The introduction of the HPV vaccine will slash cases of cervical cancer in women under 30 by 63 per cent by 2025, a cancer research study has predicted.
The success of the vaccination programme, which protects women against the most severe forms of the human papillomavirus, will result in a dramatic fall in the number of diagnosed cases of the disease in the next 15-20 years, according to the UK study published in the British Journal of Cancer.
Researchers said the next generation will be the first to benefit on a wider scale from the vaccination programme, which prevents two types of the virus that result in about 70% of cervical cancers.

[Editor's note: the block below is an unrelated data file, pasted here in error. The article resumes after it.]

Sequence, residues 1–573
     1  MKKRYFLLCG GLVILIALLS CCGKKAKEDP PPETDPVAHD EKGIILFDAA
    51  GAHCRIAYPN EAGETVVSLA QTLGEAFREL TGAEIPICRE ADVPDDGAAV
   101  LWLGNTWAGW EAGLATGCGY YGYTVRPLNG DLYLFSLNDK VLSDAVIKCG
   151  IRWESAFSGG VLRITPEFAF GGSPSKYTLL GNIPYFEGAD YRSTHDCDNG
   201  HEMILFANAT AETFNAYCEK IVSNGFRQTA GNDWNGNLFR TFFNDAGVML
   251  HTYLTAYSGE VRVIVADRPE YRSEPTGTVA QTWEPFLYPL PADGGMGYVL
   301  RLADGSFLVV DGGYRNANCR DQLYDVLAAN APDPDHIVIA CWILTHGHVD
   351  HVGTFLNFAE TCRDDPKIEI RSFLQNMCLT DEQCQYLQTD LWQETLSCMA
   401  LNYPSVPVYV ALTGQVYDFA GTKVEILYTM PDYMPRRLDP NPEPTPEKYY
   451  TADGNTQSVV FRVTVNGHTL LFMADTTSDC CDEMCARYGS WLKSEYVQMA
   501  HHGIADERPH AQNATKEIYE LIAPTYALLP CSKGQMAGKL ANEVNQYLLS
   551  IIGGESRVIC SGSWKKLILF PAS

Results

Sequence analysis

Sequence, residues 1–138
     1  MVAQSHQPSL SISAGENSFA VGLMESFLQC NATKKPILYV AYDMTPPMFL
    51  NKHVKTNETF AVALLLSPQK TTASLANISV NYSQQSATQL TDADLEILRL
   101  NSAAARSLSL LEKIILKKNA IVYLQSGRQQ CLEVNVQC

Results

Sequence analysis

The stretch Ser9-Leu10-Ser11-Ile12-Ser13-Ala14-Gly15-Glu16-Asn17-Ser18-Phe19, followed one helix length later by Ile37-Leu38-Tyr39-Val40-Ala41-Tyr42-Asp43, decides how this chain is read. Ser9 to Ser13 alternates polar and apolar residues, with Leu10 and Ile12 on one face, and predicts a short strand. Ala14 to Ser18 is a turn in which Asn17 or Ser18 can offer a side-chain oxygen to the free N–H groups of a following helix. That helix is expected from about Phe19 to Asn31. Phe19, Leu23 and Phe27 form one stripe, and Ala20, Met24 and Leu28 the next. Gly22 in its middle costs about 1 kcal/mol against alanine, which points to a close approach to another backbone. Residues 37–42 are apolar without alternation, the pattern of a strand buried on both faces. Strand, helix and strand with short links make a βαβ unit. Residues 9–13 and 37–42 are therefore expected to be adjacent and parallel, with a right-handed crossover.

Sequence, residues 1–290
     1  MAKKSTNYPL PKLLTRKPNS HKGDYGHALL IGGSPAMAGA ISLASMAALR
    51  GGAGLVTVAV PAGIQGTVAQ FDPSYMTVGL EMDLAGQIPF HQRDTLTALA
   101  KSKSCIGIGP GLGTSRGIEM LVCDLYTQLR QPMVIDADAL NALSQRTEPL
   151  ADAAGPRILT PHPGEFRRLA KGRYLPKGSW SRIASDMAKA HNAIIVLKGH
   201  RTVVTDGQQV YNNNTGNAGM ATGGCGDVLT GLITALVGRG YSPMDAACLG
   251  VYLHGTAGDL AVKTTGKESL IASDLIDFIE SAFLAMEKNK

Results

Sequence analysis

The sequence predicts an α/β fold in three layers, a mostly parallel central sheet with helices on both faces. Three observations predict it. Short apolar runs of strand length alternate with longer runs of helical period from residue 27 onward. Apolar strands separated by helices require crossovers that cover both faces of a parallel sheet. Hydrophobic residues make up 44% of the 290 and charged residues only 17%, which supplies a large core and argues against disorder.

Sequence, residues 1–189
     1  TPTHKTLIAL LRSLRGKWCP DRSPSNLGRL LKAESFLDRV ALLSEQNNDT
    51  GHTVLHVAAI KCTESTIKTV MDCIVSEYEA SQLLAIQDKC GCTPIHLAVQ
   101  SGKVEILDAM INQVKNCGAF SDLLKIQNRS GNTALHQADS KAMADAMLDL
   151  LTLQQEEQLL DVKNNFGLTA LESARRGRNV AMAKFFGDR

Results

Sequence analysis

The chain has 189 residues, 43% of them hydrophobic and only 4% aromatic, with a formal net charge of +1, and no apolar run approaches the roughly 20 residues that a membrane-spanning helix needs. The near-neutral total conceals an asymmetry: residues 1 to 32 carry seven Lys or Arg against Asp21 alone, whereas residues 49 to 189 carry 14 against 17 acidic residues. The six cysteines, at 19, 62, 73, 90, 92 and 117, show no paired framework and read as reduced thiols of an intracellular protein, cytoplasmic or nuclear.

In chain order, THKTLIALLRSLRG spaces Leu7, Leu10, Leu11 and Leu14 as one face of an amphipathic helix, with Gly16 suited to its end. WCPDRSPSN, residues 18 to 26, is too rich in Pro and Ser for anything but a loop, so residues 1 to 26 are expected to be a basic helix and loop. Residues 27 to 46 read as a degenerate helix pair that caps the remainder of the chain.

The researchers calculated the number of cancers that would be prevented by the vaccine, assuming 80% of girls took it up. Latest government figures suggest that 78% of girls had received all three doses of the vaccine.
Lead study author Jack Cuzick, Cancer Research UK professor at Queen Mary, University of London, said: “This is the most realistic estimate of the impact the vaccination programme will have on the number of women who develop cervical cancer. It shows that the vaccine has great potential in preventing the disease in the near future, but also that it’ll take several decades before we see its full benefits.”
The research team also predicted a drop in the number of instances of CIN3, which causes dramatic cell changes leading to cervical cancer.